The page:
In one of the many books about great leaders and their qualities, The art of leadership, Donald Walters writes about lessons we could learn from George Washington. He gives one profoundly positive example showing that leading others isn’t about driving them, directing them, or coercing them, but about compelling them to join you as their leader in pushing into new territory − motivating them to share your enthusiasm for pursuing a shared objective, and conducting yourself in a way that shows that you believe people are more important than things.
Walters write that, in essence, leadership (regardless of where you are a leader) isn’t about exercising power over people but rather about finding effective ways to work with people. The most effective form of leadership is supportive; it’s collaborative; it’s about never assigning to another a task, role or function that you would not be willing to perform yourself.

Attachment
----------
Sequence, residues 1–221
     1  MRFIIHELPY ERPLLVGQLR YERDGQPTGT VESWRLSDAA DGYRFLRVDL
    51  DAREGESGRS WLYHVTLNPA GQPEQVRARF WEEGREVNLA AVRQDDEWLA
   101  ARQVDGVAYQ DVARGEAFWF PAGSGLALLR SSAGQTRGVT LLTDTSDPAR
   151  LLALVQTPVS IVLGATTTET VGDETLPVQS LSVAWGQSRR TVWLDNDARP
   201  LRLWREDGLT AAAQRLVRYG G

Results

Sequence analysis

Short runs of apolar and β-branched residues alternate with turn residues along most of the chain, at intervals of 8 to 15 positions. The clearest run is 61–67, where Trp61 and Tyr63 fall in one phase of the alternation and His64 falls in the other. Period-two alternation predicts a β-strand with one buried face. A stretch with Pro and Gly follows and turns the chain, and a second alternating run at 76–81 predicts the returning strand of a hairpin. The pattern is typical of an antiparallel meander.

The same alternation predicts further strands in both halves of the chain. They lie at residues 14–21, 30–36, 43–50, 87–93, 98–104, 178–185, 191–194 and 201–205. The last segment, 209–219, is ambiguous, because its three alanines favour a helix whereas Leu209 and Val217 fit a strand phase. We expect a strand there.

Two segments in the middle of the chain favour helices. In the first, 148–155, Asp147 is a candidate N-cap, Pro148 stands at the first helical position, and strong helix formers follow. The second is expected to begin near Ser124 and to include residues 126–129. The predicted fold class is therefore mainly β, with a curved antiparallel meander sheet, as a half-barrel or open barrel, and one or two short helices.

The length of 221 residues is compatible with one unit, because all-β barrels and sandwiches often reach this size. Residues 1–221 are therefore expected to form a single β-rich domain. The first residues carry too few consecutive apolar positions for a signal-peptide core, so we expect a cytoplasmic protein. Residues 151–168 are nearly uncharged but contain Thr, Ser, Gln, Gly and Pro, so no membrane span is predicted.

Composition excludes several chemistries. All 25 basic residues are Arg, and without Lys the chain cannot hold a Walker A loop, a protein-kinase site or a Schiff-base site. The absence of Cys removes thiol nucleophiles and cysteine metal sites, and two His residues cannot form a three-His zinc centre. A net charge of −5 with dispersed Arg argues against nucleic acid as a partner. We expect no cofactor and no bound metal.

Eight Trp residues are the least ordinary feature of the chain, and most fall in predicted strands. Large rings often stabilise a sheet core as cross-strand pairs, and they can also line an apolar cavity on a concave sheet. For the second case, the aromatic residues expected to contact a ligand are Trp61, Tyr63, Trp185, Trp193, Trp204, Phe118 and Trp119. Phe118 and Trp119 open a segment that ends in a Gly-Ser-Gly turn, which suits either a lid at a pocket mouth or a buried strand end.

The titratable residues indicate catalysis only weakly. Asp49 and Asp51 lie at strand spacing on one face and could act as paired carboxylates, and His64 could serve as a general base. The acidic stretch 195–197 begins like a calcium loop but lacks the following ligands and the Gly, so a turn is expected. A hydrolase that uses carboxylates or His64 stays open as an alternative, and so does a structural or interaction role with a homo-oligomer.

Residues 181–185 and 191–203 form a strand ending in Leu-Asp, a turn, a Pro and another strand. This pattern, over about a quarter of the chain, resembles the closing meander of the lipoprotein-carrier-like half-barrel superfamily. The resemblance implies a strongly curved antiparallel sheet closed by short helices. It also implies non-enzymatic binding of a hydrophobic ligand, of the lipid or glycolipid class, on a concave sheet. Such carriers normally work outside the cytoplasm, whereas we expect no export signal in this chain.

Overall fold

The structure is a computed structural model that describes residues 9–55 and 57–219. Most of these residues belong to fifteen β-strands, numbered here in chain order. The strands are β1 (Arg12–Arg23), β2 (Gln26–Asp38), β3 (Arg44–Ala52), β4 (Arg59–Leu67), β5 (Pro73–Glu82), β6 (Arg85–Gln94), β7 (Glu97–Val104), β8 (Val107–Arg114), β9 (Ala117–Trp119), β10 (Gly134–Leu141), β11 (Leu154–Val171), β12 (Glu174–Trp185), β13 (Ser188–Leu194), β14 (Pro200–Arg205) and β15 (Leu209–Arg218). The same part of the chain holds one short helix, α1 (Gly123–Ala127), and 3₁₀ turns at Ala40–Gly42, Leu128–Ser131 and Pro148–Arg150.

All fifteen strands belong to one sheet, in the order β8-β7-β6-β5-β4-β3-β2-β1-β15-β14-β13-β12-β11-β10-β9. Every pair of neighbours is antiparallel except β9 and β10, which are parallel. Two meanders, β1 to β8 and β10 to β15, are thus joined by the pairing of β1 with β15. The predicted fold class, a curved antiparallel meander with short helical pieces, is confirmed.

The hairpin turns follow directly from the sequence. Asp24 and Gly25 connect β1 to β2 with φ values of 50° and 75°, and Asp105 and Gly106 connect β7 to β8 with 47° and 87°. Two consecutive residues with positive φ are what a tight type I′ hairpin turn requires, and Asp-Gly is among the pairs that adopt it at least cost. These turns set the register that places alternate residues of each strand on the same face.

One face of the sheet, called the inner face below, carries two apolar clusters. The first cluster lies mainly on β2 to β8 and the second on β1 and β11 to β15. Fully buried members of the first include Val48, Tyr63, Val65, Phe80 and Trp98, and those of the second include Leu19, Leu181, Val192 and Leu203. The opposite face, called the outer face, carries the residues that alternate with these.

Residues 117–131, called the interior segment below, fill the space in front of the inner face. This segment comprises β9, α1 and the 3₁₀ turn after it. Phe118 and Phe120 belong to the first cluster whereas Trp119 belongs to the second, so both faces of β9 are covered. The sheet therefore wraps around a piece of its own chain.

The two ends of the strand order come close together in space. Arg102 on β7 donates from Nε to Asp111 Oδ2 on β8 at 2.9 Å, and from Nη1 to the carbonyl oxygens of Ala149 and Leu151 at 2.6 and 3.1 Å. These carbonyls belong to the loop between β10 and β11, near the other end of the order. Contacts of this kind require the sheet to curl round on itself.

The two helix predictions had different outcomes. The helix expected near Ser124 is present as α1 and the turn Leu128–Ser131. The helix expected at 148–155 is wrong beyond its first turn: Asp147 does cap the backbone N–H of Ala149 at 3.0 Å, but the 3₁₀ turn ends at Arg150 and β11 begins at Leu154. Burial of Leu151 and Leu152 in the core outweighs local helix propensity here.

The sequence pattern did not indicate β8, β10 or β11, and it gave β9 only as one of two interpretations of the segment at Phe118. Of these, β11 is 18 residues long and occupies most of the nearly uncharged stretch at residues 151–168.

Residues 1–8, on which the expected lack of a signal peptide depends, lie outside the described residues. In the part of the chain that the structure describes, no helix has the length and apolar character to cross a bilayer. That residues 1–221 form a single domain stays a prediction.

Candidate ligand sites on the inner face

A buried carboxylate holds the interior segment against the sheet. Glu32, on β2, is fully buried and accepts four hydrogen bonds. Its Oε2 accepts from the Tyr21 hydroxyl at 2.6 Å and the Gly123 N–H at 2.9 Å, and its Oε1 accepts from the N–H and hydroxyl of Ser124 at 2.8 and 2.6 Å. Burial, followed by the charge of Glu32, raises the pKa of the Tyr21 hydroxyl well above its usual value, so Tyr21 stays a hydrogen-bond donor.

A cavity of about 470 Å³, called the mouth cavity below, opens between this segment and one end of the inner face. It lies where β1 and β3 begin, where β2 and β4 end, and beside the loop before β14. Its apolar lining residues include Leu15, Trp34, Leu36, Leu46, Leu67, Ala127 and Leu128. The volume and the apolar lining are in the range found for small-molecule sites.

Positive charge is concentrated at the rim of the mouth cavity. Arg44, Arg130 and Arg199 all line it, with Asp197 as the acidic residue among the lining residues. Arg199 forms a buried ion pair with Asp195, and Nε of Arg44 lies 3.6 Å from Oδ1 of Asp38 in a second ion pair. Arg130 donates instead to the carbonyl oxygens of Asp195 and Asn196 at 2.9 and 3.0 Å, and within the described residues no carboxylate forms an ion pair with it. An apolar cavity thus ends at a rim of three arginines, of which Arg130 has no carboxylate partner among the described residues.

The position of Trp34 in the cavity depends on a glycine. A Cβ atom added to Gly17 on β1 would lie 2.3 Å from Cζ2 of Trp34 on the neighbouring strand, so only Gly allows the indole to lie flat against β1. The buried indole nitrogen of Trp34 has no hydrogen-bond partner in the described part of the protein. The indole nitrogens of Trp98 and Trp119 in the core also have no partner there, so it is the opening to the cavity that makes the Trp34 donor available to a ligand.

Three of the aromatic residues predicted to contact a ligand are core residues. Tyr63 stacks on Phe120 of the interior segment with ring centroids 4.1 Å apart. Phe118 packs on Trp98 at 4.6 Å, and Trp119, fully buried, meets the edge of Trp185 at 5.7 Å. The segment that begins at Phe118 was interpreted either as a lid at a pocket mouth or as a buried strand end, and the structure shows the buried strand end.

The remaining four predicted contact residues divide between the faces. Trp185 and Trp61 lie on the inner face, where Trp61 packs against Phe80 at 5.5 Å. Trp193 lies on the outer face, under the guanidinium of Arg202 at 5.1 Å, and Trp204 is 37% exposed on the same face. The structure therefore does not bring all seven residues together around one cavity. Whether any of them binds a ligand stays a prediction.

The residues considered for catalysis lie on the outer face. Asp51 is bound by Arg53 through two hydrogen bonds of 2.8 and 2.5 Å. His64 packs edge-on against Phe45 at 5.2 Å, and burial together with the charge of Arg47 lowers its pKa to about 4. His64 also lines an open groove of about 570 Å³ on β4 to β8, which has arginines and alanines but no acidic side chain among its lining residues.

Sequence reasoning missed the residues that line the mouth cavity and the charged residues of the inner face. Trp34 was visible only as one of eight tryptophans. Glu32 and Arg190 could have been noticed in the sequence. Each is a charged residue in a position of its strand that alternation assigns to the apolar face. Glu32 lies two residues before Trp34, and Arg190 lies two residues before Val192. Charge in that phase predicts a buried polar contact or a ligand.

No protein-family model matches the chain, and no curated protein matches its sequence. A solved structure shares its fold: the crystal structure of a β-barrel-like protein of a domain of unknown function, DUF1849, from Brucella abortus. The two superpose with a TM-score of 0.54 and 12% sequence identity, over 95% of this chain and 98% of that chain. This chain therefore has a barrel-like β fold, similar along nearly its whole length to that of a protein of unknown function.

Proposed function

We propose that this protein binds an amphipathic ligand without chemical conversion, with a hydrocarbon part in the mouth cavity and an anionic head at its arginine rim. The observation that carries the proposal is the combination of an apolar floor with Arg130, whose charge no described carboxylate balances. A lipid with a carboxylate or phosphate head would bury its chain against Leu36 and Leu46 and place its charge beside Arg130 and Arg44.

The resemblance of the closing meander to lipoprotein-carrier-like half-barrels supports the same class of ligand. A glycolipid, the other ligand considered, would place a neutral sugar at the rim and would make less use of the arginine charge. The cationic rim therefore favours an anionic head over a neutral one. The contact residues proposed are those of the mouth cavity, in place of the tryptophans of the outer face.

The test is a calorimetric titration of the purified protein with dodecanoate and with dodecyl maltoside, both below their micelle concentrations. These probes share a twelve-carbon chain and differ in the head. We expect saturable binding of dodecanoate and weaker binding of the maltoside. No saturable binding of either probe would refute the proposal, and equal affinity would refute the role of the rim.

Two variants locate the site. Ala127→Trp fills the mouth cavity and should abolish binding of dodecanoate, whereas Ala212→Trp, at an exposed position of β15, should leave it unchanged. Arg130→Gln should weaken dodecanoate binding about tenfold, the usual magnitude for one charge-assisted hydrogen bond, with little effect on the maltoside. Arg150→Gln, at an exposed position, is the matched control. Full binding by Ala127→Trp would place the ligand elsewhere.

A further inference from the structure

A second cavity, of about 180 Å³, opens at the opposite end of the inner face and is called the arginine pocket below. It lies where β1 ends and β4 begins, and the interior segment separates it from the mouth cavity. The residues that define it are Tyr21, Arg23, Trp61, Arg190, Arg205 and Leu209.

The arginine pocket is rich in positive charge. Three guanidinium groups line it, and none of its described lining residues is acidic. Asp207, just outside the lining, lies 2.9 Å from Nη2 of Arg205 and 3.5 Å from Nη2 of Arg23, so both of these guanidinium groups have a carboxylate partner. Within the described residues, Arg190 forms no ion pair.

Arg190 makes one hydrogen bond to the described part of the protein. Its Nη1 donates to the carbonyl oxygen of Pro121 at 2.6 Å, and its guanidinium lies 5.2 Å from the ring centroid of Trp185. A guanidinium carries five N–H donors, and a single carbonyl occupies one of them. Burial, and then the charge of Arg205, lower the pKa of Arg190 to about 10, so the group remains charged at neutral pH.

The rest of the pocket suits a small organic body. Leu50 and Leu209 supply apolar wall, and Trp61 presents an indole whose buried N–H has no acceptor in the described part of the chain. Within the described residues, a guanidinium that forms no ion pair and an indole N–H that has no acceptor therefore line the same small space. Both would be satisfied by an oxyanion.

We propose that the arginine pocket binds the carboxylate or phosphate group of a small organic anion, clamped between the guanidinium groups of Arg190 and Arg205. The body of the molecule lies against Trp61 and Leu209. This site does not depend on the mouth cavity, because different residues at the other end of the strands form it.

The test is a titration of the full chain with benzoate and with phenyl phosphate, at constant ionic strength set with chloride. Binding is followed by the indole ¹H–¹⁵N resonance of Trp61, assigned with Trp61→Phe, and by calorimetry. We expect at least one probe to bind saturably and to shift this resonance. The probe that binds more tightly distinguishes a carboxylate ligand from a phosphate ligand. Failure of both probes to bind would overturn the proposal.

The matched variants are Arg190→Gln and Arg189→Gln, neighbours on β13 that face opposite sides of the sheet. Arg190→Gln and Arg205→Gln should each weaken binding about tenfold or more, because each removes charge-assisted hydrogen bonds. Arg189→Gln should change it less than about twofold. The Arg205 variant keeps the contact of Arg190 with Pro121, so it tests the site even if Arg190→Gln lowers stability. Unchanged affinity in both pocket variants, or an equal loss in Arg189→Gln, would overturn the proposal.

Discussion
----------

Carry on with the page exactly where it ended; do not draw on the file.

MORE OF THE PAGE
Leading well is as simple as remembering to remain other-centred instead of self-centred.
Our cover profile of this month is such an inspirational leader who believes in teamwork and being focused on his people.
Stanley Bergman, who grew up in a small community in Gqeberha (Port Elizabeth), now leads the world’s largest provider of healthcare products and solutions with a staff complement of 21 000. As CEO of Henry Schein, he is seen as a leader in social responsibility and said that for him, the ESG movement is all about balancing all the constituents in society and that it goes back a long time. ‘Benjamin Franklin called it “enlightened self-interest” – the notion that business should be about more than making money. They should be there for all the constituencies in society.’
Henry Schein has featured on Fortune’s list of the World’s Most Admired Companies for 20 consecutive years and is considered by many in its sector as a leader in social responsibility.
Bergman has won numerous awards throughout his career, including CEO of the Year in 2017 − a coveted honour also received by the likes of Jack Welch and Michael Dell.
He said that growing up, he learned from his dad that you better have something to say if you open your mouth. And from being involved in youth groups, he said he learned that if you want to get things done, you’ve got to get everybody involved, make everyone happy. Read his story on page 10.
And never lose sight of the fact that people are more important than things …
Editor: Accountancy SA